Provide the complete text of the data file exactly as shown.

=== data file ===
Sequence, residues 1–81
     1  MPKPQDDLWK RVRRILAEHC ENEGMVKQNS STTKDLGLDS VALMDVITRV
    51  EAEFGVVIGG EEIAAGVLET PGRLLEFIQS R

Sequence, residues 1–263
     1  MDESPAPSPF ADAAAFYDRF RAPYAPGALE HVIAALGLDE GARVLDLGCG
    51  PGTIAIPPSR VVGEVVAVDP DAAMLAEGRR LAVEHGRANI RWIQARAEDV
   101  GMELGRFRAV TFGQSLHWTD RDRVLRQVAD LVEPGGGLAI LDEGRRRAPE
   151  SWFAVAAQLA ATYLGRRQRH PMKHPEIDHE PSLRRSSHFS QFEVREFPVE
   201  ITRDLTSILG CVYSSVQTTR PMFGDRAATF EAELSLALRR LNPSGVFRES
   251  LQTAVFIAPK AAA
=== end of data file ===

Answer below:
Sequence, residues 1–81
     1  MPKPQDDLWK RVRRILAEHC ENEGMVKQNS STTKDLGLDS VALMDVITRV
    51  EAEFGVVIGG EEIAAGVLET PGRLLEFIQS R

Sequence, residues 1–263
     1  MDESPAPSPF ADAAAFYDRF RAPYAPGALE HVIAALGLDE GARVLDLGCG
    51  PGTIAIPPSR VVGEVVAVDP DAAMLAEGRR LAVEHGRANI RWIQARAEDV
   101  GMELGRFRAV TFGQSLHWTD RDRVLRQVAD LVEPGGGLAI LDEGRRRAPE
   151  SWFAVAAQLA ATYLGRRQRH PMKHPEIDHE PSLRRSSHFS QFEVREFPVE
   201  ITRDLTSILG CVYSSVQTTR PMFGDRAATF EAELSLALRR LNPSGVFRES
   251  LQTAVFIAPK AAA